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Cut The Budget By Cutting Republican Sacred Space Cows

Over at Forbes, Cato's Doug Bandow says that the Republicans need to lead by example:

Presumptive Republican Party nominee Mitt Romney talks tough on spending while proposing few specific reductions—he doesn’t want to anger anyone by targeting their favorite programs. He also promises to greatly increase military outlays, adding more than $2 trillion over the next decade.

At least the House Budget Committee under Republican Chairman Paul Ryan passed a budget package including across-the-board cuts meant to save $310 billion over the next decade. Democrats wanted to cut far less and preferred to squeeze more money out of Americans through higher taxes. The GOP plan still is too little, but at least it is a start. However, it is designed to protect Republican sacred cows.

There is no doubt a lot of fat in the military budget, and Europe should certainly be able to handle its own defense with the end of the Soviet Union. And Ex-Im is welfare for Boeing. But a big earmark that he doesn't mention (because few policy analysts pay much attention to the civil space program) is a huge one called the Space Launch System (aka the Senate Launch System). This is a rocket that NASA never asked for, and for which there is no need or defined payloads, or funding with which to develop and procure them, but to which Congress (or more precisely, those few in Congress on key committees who actually care and pay attention to how NASA spends its money) insists on diverting two-billion dollars of the agency's budget each year. It's not Republican pork per se (it was the brainchild of Democrat Bill Nelson of Florida and Republican Kay Bailey Hutchison of Texas) but it has abundant Republican support in those states and districts in which it is being slowly built (at least until it ultimately gets canceled). Given the recent success of SpaceX with its third successful flight of the Falcon 9 rocket with no failures, and that company's plans to start flying a heavy-lift version next year that could serve NASA's launch needs, developed on its own dime, SLS should certainly be on the table as part of a broad and serious package of deficit reduction through spending cuts.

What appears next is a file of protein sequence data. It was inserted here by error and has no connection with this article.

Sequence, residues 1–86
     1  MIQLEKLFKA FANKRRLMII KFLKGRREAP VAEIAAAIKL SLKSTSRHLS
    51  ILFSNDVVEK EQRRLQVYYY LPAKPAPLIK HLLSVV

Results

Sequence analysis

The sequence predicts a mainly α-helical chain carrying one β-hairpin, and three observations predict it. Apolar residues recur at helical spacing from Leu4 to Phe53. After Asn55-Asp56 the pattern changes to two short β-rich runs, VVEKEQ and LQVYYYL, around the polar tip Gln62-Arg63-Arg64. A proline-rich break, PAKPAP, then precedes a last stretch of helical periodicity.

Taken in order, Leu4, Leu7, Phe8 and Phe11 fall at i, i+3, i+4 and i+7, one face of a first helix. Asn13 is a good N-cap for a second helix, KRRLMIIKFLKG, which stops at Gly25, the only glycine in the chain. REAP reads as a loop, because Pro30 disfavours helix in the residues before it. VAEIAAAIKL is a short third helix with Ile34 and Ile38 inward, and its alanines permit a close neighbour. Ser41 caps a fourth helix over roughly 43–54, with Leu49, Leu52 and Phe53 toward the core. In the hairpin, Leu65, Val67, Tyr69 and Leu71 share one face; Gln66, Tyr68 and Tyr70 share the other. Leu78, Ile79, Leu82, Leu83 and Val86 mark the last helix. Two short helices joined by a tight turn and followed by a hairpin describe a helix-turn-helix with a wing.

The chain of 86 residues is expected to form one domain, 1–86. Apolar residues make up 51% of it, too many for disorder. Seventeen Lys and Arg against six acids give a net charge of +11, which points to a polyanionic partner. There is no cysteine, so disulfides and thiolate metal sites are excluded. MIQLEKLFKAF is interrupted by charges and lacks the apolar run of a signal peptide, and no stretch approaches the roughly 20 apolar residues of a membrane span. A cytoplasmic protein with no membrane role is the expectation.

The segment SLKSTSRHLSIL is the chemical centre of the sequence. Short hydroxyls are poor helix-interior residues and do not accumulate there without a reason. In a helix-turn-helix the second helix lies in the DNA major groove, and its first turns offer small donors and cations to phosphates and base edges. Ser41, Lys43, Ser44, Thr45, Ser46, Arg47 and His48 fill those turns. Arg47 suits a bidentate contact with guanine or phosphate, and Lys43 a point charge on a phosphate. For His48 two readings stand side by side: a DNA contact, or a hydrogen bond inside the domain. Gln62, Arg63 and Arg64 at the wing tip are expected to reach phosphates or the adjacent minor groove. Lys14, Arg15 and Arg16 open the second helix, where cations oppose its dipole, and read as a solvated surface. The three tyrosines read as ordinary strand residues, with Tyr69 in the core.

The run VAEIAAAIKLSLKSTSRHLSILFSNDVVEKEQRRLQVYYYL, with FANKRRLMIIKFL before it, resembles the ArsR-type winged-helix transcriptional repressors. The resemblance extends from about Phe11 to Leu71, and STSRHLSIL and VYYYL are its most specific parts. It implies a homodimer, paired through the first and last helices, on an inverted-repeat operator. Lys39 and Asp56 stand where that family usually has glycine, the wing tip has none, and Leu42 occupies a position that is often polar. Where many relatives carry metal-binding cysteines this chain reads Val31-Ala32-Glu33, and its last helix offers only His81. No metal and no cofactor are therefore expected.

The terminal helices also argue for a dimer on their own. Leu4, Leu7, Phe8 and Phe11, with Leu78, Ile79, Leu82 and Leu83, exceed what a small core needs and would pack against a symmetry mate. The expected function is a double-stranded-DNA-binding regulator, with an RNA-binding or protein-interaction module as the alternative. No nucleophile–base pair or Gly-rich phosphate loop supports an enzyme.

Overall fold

Unfortunately, this is one of the few areas in which the Republican presidential nominee's religion may actually play a role in public policy. One of the biggest beneficiaries of SLS is the state of Utah, home of ATK, the manufacturer of the large solid boosters that Congress has dictated the vehicle use. It is thus supported by not just Senator Orrin Hatch, but the rest of the delegation as well, including representatives Rob Bishop and Jason Chaffetz, Republicans all. While Governor Romney is from Michigan and Massachusetts, and his only personal Utah connection is his salvation of the Salt Lake City Olympics, there will doubtless be a lot of pressure on him from his church to preserve a program that benefits its home state. If he wants to demonstrate that his faith won't influence his policy decisions, coming out against this particular wasteful Republican sacred cow would be an excellent way to do so.